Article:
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Underwater Visibility Leads to Above Ground Productivity on Port of Kalama Marine Project in Oregon

Wire crane dredge in port

Customer Profile: Portland, Oregon-based Advanced American Construction is full service general contractor providing heavy civil/marine, industrial, diving, underwater marine survey, demolition and engineering services to public and private clients throughout the western United States, with particular focus on the Columbia, Snake and Willamette River System. 

Business Challenge: Complete dredging, pile driving and dock construction in tight conditions.


  • 15-20% faster dredging than conventional methods
  • Improved pile driving accuracy (~2 inches)
  • More collaborative communication with owner
  • Efficient daily burn rate
  • New techniques—vibratory hammer

Clamshell dredge bucket full of material

Located 30 miles northwest of Portland, Oregon, the Port of Kalama sits on the Columbia River. The port’s industrial area includes five miles of riverfront property adjacent to the 43-foot federally maintained deep draft navigation channel of the Columbia River. Handling well over 13 million metric tons of bulk commodities, it’s one of the West’s largest bulk export gateways.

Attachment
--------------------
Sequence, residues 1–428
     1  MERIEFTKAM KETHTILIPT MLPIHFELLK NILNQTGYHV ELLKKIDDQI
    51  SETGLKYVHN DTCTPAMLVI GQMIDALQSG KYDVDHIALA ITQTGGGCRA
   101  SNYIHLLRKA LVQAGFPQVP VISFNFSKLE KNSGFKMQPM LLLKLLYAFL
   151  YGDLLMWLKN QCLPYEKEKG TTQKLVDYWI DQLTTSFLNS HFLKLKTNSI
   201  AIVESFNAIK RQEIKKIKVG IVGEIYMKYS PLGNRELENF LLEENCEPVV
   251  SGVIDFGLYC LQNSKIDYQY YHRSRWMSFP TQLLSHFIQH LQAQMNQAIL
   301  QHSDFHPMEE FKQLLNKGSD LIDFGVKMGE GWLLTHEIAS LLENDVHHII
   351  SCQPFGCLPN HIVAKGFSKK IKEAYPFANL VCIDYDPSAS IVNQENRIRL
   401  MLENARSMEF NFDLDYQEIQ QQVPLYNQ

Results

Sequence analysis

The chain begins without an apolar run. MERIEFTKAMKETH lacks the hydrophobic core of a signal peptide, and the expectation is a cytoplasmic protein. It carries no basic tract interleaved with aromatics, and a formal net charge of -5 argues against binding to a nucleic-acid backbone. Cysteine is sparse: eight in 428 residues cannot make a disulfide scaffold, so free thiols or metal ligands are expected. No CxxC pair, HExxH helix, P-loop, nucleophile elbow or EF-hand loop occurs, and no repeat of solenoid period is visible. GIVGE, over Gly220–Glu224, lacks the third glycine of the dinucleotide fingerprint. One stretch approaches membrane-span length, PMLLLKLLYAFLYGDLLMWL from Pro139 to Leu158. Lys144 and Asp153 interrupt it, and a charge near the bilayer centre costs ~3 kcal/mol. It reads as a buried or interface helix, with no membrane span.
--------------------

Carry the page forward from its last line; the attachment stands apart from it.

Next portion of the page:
The marina includes permanent moorage slips, a two-lane boat launch and 140 feet of guest moorage. To meet growing demand, the Port of Kalama looked to build a new 550-foot-long guest dock, including utilities and new access gangways, on the east side of the Port of Kalama Marina. 

Heavy civil and marine construction specialists Advanced American Construction (AAC) was contracted to complete the project, which had three major components: marina dredging, pile driving (to support the dock) and dock construction. 

Evan Clemson, Vice President of Operations at AAC, said, “We realized before we bid the project that tracking in-progress dredge productions would be critical to the success of the project. We engaged Trimble Marine Dealer Measutronics to help us combine the best equipment, technology and workflow for success.”

It’s a partnership that translated into some surprising productivity benefits across the entire project. 

One Machine, Multiple Missions